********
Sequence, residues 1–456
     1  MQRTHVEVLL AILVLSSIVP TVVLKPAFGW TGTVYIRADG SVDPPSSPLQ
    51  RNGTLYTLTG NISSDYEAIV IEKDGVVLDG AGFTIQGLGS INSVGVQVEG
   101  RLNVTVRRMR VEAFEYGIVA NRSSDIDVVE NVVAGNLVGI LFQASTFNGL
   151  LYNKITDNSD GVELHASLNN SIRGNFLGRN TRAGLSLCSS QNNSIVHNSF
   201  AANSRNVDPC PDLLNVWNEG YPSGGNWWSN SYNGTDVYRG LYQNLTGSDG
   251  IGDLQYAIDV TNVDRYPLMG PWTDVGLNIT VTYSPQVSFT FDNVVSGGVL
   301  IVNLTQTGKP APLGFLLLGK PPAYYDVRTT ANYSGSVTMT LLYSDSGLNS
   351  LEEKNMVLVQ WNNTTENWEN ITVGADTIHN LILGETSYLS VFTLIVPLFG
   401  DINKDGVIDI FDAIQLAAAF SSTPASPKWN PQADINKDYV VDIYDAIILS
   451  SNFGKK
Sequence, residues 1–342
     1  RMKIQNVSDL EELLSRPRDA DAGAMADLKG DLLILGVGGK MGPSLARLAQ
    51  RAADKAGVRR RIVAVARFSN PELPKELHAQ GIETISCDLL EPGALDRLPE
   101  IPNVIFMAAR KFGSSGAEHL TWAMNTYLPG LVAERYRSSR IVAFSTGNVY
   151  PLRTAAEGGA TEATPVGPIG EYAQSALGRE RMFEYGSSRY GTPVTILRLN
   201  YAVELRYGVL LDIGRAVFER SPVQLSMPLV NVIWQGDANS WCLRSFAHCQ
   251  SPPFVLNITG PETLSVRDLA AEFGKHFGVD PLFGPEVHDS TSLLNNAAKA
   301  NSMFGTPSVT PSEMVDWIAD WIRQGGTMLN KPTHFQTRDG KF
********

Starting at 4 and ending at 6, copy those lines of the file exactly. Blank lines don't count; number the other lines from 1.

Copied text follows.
   101  RLNVTVRRMR VEAFEYGIVA NRSSDIDVVE NVVAGNLVGI LFQASTFNGL
   151  LYNKITDNSD GVELHASLNN SIRGNFLGRN TRAGLSLCSS QNNSIVHNSF
   201  AANSRNVDPC PDLLNVWNEG YPSGGNWWSN SYNGTDVYRG LYQNLTGSDG